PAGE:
Safety Risks With Excessive Sleepiness

Excessive Sleepiness with Obstructive Sleep Apnea

Safety Risks With Excessive Sleepiness

This content was created by the National Sleep Foundation

One of the greatest risks of excessive sleepiness is driving accidents. Drowsy driving is one of the leading causes of fatal car crashes. Official estimates put the number of fatalities due to drowsy driving at approximately 800-900 deaths per year. It’s often difficult to determine when drowsy driving or falling asleep at the wheel caused a crash, so this number is widely considered an underestimate. Even if you do not fall asleep while driving, sleepiness can seriously impact your driving abilities. When you are sleepy, your reaction time is slower, you pay less attention to the road, and your ability to make good decisions is compromised.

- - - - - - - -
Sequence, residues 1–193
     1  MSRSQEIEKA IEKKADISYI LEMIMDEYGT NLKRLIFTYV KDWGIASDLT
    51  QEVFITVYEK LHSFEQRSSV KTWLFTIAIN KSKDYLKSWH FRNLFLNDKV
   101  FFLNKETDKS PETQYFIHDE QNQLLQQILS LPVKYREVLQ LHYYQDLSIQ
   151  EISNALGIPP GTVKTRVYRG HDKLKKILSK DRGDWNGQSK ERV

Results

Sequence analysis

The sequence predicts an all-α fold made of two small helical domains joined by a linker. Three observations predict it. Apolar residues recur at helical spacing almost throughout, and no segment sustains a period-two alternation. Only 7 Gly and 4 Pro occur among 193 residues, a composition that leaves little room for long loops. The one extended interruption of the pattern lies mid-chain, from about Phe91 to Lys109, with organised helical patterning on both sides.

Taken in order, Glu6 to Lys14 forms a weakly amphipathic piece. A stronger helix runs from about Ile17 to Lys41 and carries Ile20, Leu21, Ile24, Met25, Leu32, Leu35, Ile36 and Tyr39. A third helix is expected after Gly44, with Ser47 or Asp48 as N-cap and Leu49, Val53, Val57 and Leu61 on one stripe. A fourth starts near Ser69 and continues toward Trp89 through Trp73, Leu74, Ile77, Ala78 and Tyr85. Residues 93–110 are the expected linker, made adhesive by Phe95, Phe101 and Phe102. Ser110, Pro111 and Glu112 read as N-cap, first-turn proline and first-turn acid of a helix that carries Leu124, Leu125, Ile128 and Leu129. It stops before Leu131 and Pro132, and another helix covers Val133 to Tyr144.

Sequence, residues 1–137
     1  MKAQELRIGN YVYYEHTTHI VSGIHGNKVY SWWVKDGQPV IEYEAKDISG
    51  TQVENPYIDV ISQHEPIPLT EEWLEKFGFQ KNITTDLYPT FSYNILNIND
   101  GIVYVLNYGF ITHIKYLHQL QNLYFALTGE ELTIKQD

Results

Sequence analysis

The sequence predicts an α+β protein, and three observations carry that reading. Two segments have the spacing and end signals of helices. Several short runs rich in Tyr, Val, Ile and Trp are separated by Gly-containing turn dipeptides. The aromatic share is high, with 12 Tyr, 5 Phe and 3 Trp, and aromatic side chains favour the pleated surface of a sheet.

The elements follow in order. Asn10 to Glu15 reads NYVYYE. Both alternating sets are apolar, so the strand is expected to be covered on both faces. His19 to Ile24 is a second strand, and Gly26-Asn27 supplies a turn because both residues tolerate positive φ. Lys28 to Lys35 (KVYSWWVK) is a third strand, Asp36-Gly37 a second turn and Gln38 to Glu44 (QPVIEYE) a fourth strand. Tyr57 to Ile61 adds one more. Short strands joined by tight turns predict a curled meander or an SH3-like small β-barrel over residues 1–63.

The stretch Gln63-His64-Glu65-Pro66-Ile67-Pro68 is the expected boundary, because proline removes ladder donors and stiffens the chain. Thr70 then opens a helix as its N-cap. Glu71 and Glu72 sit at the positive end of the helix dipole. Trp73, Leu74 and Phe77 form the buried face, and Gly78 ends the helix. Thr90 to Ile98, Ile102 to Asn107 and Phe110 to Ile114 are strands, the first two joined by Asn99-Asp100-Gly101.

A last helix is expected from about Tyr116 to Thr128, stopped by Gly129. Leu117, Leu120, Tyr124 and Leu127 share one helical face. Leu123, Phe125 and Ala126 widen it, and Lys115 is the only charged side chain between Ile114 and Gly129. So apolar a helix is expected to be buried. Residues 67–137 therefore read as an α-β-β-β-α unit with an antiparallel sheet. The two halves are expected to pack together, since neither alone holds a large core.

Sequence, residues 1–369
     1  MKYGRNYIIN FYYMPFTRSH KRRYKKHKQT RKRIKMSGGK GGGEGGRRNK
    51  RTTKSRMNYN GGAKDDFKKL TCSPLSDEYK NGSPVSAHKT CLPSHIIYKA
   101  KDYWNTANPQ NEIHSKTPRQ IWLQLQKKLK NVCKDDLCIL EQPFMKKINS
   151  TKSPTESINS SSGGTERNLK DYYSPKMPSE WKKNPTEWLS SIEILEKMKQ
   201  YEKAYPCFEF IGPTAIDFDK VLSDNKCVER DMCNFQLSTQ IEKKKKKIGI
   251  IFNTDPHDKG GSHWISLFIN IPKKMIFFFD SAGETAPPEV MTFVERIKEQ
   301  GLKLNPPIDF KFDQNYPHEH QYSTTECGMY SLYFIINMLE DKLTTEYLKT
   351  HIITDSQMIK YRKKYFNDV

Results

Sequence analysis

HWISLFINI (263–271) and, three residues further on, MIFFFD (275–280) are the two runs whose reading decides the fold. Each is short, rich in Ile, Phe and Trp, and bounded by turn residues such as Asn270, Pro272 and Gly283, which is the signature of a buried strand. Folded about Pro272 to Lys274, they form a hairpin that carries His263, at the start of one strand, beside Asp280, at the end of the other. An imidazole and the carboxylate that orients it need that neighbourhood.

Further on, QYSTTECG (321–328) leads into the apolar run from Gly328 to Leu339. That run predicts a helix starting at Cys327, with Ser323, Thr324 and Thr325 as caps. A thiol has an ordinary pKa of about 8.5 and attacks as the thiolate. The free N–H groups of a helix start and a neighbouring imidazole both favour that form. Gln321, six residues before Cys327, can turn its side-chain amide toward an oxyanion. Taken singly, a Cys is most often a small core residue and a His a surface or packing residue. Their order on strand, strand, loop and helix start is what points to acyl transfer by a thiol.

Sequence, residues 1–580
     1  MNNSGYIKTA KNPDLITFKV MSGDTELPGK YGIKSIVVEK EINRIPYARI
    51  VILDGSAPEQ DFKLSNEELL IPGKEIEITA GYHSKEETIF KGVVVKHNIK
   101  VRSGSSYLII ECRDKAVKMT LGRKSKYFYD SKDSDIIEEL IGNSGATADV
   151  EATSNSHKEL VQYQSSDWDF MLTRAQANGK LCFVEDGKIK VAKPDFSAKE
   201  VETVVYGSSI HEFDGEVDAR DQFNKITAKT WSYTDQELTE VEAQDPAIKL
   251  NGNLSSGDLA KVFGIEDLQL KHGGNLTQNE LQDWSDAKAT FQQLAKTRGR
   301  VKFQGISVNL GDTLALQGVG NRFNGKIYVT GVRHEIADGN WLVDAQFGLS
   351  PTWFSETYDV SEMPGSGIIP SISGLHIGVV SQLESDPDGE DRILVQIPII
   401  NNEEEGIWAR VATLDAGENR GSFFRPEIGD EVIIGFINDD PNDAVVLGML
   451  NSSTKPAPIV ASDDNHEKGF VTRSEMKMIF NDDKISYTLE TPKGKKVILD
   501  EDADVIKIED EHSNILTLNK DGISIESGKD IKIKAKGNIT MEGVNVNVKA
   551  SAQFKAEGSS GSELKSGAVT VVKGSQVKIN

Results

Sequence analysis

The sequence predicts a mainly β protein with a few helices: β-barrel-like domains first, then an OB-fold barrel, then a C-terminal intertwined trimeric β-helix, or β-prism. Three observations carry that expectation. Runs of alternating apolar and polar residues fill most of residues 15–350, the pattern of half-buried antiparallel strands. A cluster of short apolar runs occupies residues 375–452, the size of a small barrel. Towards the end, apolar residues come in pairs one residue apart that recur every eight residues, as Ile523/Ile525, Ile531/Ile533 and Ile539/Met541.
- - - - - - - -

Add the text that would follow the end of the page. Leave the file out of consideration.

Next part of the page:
Research indicates that people who snore are more likely to report falling asleep while driving, which suggests that obstructive sleep apnea is a major cause of drowsy driving. People with untreated obstructive sleep apnea are much more likely to have a motor vehicle accident. Many tragic accidents have been attributed to sleepiness, and some specifically to undiagnosed obstructive sleep apnea.

If you’re on the road and you feel sleepy, your eyes are heavy, or you find yourself fighting to stay alert, it’s imperative that you pull over and stop driving. Find a safe place to stop and take a short nap, have a cup of coffee before beginning to drive again. Consult your doctor to understand the cause and get proper treatment.